A Review about Different Pulley ComponentsJune 22, 2018
Functioning as essential parts of a well-oiled machine, pulley components keep conveyor systems working at their best. The closely arrayed cylinders support the belt and serve as drive interfaces. Let’s take that drivetrain and prime mover out of the equation for a moment. Left with the flexible transportation ribbon and a set of pulleys, what roles do these components address?
Checking Out the Bookend Pulleys
Fundamentally speaking, this is a single loop. Granted, there are spur sections and PLC electronics switching those multiple moving tracks. Stripped to its most rudimentary outlines, though, there are a handful of moving pulleys and the conveyor belt. Located at one end of that loop, a drive coupler hooks the motor to the strip of travelling material. Zipping over to the opposite end of that loop, a tail end pulley completes the general outlines of the equipment frame. Rolling smoothly, the active drive pulley tugs the belt, the belt turns, and the energy is transmitted all the way down to the tail end cylinder. Again, this is a basic system configuration, but it holds true when applied to real-world equipment.
Regarding the Take-Up Pulley
A short run conveyor frame can just about manage on this tragically basic mechanical configuration. In real life, however, the equipment tends to cover large areas. That belt, supported only by two end-system pulleys, is going to sag and lose tension. In order to avoid that undesirable development, the system designers add take-up pulleys to the equipment run. It’s the job of these tensioning cylinders to eliminate belt sag and keep the moving ribbon tight.
Snub and Bend Pulleys
As the label implies, bend pulleys change the direction of conveyor systems. If true linear action is partially lost during the redirection phase, then the bend units dynamically add tension to the belt. Meanwhile, snub pulleys are operating like many workhorses to keep the flat ribbon in contact with all other pulleys so that the system achieves maximum traction.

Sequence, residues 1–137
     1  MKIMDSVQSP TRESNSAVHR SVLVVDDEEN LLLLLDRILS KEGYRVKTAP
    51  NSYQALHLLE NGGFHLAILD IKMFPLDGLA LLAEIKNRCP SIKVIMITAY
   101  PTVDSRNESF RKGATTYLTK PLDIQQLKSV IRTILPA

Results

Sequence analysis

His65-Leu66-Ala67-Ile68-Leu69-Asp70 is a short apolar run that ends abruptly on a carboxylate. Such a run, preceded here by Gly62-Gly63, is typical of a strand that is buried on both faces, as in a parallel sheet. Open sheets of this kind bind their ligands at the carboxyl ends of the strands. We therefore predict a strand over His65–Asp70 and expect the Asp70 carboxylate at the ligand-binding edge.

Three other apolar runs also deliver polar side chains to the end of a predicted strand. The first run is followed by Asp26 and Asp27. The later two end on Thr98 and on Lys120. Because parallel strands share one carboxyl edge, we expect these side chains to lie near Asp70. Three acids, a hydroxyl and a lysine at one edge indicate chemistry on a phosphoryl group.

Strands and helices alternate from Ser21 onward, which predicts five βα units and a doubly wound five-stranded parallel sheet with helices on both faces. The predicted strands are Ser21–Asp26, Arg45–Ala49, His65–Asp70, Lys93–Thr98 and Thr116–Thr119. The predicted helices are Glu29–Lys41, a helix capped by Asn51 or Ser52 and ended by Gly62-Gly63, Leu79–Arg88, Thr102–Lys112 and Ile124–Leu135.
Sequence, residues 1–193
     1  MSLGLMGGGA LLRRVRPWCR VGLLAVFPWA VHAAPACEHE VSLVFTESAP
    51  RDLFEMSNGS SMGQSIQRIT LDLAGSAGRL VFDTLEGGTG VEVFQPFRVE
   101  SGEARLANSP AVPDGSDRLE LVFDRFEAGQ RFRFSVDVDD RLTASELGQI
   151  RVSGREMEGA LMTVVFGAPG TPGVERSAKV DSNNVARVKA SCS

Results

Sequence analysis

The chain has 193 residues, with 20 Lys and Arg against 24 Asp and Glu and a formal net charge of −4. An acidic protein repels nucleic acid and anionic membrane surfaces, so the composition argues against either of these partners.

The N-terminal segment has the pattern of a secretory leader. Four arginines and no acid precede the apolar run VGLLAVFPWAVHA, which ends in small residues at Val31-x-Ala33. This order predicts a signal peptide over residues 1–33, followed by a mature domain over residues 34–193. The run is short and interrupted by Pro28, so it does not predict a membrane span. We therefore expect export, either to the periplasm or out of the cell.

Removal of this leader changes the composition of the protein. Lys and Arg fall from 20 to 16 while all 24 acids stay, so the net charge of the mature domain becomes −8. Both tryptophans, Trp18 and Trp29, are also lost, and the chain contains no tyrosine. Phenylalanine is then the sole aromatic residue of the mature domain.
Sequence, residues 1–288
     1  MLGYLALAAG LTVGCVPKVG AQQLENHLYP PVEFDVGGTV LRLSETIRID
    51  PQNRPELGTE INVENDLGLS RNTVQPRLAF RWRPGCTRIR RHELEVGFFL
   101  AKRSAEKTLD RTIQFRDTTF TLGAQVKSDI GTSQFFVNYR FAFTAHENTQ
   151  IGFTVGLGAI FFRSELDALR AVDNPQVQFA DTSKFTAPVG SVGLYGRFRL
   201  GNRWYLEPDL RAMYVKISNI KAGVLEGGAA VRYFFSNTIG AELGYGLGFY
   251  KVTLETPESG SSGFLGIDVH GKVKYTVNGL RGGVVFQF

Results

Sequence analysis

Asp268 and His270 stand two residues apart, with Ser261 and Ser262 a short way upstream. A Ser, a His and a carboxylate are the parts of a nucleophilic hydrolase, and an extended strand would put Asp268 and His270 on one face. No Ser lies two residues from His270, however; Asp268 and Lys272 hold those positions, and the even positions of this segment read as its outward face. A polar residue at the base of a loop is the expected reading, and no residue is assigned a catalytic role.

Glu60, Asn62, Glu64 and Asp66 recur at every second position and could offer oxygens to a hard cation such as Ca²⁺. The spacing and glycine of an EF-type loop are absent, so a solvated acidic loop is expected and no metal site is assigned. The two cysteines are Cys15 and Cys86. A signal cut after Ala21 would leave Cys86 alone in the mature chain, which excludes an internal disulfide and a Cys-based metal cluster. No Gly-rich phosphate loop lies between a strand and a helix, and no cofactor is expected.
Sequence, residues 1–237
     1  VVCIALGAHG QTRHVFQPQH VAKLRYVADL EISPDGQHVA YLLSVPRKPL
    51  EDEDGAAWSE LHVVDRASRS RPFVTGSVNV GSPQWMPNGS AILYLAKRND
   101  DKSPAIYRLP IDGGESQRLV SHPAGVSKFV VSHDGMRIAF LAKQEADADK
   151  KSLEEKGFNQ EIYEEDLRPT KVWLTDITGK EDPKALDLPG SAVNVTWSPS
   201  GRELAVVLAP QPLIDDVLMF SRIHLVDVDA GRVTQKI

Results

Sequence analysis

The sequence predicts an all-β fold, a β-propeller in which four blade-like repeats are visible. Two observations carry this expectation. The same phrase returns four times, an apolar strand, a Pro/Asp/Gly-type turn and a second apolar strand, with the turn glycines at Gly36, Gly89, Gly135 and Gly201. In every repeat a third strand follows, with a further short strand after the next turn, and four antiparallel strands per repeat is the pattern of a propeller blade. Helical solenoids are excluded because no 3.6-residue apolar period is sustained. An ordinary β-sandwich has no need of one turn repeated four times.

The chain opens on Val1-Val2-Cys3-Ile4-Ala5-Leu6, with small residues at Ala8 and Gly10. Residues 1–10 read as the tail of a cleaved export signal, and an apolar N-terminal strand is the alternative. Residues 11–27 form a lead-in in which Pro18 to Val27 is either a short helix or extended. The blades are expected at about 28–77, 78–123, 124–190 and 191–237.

Deconstructing the Pulleys
What about the guts of the pulleys? On the outside, the cylinders are referred to as drums. They’re coated in a high-grip material or special cladding. Then there’s a diaphragm plate welded to either end of the drum, plus a toughened central drive shaft. Bearing assemblies and adjustable mounts support the shaft. They’re coupled via a series of complex mechanisms, which include locking elements, pummel blocks, and all manner of supplementary mounting elements.
Towards the end, things got complicated. That’s because the frame-to-pulley coupling zones are system critical elements. If a conveyor system and its various pulleys are to run true, the bearing assemblies need lubrication, plus a maintenance program that will continually assess the equipment to ensure the shafts are properly adjusted, according to the highest engineering standards.
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